In a landmark decision, the highest court in the European Union ruled that Google must remove links to personal information from search results. The ruling allows users to request which links they’d like Google to remove and Google must honor these requests, unless there are “particular reasons” not to, the European Court of Justice in Luxembourg said.
So what does this mean? The Internet was founded on the free-flow of information. This flow has lead to unflattering, irrelevant, and even libelous content showing up in search results of individuals. The ruling wasn’t specific on which of the aforementioned types of search results could be removed, but many are interpreting the ruling liberally, and with concern.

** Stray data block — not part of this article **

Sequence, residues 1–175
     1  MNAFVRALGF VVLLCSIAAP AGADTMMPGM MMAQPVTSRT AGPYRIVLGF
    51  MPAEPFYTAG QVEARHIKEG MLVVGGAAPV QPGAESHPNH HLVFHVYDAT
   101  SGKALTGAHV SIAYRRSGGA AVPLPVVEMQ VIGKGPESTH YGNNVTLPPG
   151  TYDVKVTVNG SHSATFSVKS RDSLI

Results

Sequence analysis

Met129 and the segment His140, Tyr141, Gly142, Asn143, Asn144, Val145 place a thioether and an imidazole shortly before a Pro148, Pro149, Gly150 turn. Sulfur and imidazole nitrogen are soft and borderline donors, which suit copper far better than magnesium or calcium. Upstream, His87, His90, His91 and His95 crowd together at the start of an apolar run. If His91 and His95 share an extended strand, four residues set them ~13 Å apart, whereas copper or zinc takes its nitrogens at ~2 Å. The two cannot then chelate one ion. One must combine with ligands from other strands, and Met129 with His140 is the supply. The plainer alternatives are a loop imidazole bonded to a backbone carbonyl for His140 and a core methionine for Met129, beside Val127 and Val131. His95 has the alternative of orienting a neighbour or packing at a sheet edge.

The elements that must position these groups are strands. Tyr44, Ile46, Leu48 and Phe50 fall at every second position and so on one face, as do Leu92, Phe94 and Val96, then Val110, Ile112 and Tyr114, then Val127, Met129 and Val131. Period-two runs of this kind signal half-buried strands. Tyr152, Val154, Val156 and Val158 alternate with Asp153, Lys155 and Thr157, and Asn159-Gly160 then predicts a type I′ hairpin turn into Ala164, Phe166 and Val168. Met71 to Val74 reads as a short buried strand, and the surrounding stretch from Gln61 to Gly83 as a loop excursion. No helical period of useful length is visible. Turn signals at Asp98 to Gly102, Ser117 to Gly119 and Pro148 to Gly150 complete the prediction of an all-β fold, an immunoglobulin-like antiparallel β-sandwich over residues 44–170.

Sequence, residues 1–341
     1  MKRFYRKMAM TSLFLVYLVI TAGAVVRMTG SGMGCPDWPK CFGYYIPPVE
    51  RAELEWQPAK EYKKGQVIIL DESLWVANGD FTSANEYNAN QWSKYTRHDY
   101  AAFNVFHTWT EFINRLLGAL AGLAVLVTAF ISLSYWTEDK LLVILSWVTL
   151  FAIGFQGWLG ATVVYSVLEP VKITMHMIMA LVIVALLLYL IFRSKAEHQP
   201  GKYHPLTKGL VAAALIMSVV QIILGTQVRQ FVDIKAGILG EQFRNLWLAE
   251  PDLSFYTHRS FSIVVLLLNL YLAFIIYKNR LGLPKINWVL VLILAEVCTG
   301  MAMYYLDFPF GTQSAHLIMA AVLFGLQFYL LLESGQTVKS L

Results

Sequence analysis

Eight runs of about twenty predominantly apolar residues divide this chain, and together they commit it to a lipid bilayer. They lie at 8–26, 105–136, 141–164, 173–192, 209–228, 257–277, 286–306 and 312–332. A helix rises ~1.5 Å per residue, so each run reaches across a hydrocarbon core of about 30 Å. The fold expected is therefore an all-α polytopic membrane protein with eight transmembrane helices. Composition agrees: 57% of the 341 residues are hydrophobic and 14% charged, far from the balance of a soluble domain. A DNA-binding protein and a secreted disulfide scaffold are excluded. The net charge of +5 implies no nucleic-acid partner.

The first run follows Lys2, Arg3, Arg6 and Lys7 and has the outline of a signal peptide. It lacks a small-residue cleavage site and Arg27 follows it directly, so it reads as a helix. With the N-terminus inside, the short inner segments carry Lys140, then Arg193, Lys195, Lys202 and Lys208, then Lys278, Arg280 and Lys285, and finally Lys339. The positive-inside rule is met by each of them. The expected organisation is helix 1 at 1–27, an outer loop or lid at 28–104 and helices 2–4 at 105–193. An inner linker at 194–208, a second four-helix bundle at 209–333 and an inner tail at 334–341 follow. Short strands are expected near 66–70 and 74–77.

Harvard Law and computer science professor Jonathan Zittrain said, “Some will see this as corrupting. Others will see it as purifying. I think it’s a bad solution to a very real problem, which is that everything is now on our permanent records.”
The intent of the ruling is understandable. No one wants libelous content posted about them online. It’s also fair for a 40 year old adult to not want photos of them drunk from a college party showing up in search results. The same can be said of a decades old tax lien or bankruptcy. But at what point do you draw the line? At what point can people start manipulating search results by removing relevant and important data about them? Perhaps people with power with something to hide?
How will this affect in the US? As of now, it won’t, because of the First Amendment. That said, the story is certainly drumming up interest in the US. For now, there are companies such as Reputation.com that help people improve their search engine reputation and imprint.
The big loser here is Google. Time will tell how this works out, but we’ll keep an eye on the latest news.